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July 9, 2009 | How deep is your love?
Mel Bay's online webzine "Mandolin Sessions" underwent a recent facelift. Not much changed as far as content format, still the same great writers with absolutely free educational offerings and tunes, but in addition to the cosmetic upgrade, there is now the opportunity for public comments and feedback. Another interesting tool is the information on how many times each article is read.
We try to keep up with these sorts of behind-the-scenes web statistics on the JazzMando site. A routine self-examination lets us know how we are serving our readership. When the numbers are up, we try to look at what issues piqued interest (and attempt to duplicate), and when they start to lag, we try to figure out where we are going wrong.
We noticed on MandolinSessions, the writers who simply contributed tunes, with no cerebral analysis or heavy text tend to get more attention. At least, a higher "reads" number. We discussed with one of our part-time staff assistant editors, Anton Darby, whether or not it would be serve our readership if we got away from deep prose, and his response was we didn't want to go too far to "dumb down," (no disrespect to other fine authors who choose to got the tune route). He felt the JazzMando readership still craved the analytical exercise; even though more players might simply want to just grab a tune or two, we had something special that would afford a mandolinist the option to "go deep." He did suggest starting with a tune, for practical application sake, was a terrific idea, but applauded our efforts to go into the nitty gritty of theory, to look under the hood.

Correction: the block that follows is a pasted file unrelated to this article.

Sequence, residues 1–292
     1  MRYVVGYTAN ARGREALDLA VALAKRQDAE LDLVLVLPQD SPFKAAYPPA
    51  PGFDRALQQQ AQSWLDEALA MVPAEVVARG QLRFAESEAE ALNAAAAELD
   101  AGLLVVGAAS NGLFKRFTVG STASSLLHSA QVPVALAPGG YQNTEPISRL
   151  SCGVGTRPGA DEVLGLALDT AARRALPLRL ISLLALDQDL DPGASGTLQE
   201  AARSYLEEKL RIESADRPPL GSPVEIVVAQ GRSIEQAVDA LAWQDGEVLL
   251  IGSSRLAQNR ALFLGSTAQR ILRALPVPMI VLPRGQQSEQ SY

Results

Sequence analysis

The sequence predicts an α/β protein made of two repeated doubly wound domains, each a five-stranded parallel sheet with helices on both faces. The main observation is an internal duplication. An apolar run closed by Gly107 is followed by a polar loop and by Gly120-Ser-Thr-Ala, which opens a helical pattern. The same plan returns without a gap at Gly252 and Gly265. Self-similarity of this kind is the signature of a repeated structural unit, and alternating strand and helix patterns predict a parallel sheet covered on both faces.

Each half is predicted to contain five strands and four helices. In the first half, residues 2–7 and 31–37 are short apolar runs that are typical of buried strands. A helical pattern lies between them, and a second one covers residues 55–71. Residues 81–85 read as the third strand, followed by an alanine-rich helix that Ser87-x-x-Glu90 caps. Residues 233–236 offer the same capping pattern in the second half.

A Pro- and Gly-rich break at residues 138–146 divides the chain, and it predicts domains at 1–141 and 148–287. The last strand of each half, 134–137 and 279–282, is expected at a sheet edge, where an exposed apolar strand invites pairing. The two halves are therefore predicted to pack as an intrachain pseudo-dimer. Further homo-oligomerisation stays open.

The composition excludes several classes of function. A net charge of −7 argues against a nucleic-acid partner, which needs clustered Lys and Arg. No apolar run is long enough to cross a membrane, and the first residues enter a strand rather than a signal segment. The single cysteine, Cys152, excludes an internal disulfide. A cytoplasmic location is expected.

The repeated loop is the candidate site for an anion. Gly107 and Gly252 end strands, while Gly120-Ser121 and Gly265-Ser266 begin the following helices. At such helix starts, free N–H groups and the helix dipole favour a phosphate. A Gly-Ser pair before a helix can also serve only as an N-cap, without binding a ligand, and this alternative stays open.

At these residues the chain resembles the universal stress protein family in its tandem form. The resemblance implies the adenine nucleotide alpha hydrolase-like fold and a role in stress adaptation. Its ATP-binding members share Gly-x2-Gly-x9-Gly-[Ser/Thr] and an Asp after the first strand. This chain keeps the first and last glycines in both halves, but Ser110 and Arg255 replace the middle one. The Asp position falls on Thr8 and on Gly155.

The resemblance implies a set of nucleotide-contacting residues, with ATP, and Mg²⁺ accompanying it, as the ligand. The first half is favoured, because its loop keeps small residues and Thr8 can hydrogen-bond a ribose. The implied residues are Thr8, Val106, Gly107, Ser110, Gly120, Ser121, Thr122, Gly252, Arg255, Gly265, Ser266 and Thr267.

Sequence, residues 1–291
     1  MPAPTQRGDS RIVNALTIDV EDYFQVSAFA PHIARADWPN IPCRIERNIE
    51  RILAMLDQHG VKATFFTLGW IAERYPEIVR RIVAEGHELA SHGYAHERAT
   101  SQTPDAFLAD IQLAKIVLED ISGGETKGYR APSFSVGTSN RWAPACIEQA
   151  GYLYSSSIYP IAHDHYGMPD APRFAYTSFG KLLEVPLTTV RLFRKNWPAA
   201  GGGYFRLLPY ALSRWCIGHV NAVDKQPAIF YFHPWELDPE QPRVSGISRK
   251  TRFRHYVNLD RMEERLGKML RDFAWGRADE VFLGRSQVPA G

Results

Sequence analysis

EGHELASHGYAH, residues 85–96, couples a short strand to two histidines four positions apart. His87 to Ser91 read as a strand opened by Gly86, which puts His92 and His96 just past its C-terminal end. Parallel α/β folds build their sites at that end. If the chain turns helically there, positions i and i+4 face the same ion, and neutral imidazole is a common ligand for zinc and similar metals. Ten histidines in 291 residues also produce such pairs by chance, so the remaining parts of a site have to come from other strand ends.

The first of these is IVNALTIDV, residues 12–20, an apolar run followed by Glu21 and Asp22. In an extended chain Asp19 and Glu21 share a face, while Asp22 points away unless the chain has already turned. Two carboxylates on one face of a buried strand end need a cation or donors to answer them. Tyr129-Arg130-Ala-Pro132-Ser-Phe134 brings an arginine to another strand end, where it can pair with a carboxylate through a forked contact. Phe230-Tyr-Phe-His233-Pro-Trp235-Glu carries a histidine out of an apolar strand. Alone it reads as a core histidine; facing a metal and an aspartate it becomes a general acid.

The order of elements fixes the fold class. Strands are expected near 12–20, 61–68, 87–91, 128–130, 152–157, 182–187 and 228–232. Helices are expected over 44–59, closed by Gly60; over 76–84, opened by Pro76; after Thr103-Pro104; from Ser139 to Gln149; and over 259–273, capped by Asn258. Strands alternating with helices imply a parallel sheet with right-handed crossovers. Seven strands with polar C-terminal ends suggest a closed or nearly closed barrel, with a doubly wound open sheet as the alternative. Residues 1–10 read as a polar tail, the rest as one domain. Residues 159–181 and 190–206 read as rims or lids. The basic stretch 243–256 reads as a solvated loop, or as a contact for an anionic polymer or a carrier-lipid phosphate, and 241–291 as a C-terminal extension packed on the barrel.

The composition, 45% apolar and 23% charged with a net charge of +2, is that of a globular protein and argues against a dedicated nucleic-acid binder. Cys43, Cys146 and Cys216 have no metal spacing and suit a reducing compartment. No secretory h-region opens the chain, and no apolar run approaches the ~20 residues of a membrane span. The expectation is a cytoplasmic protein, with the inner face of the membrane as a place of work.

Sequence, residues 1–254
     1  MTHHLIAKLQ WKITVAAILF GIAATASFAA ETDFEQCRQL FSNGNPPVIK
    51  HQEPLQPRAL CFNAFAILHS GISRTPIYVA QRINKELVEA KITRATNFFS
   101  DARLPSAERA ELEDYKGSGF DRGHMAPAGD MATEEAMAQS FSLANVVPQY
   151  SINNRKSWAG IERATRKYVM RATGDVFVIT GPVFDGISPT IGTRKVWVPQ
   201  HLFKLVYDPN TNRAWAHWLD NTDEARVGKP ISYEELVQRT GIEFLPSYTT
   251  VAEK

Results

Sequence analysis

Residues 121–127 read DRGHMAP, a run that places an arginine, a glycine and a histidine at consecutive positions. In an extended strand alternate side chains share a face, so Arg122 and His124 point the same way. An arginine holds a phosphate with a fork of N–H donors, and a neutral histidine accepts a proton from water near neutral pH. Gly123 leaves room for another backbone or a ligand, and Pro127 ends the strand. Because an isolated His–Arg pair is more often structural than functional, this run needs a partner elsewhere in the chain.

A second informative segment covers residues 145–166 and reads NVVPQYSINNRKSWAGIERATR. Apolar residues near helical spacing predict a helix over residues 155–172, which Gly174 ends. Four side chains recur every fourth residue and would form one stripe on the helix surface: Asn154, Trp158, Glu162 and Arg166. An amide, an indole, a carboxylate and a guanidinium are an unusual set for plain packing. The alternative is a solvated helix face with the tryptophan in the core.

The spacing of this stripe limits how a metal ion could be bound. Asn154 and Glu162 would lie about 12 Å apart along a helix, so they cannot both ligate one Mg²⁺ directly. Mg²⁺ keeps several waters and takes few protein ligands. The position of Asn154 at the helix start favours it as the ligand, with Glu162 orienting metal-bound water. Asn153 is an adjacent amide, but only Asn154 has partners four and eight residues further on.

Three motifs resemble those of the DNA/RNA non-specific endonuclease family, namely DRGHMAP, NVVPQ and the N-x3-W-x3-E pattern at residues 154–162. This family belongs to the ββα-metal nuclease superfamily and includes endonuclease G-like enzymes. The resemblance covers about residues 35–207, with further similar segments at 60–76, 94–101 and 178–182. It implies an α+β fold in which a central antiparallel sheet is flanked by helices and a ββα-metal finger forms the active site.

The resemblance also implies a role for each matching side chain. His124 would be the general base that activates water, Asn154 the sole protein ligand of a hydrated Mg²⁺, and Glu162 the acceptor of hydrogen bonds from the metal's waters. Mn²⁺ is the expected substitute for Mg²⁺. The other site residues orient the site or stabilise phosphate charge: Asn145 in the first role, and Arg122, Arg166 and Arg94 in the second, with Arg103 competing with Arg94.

Chances are, if you are a regular here, the detail is what you crave. You can get tunes out of lots of free online resources, but the sort of text we offer is a tad more rare. We hope we have this right, but if you don't agree, we're open to new ideas. We know that Mel Bay offers MandolinSessions to engaged the mandolinist, but ultimately, if readers aren't buying books because of the webzine resource, it would likely go away. Yes, we like to sell books and strings around here, too, but our deeper goal is enlightening a global community on ways to get better at the mandolin.
There is nothing wrong with just wanting to sit on the porch and play tunes. Probably a larger proportion of amateur musicians is wired to approach their music in this way, and while a minority of players are inclined to want to know how a watch is built rather than just knowing what time it is, we are likely to continue to serve in this way.
As always, we appreciate your feedback, and want to know "how deep is your love?"
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Posted by Ted at July 9, 2009 2:07 PM
Disclaimer: In the 'Information Age' of the 21st Century,
any fool with a computer, a modem, and an idea can
become a self-professed 'expert." This site does not
come equipped with 'discernment.'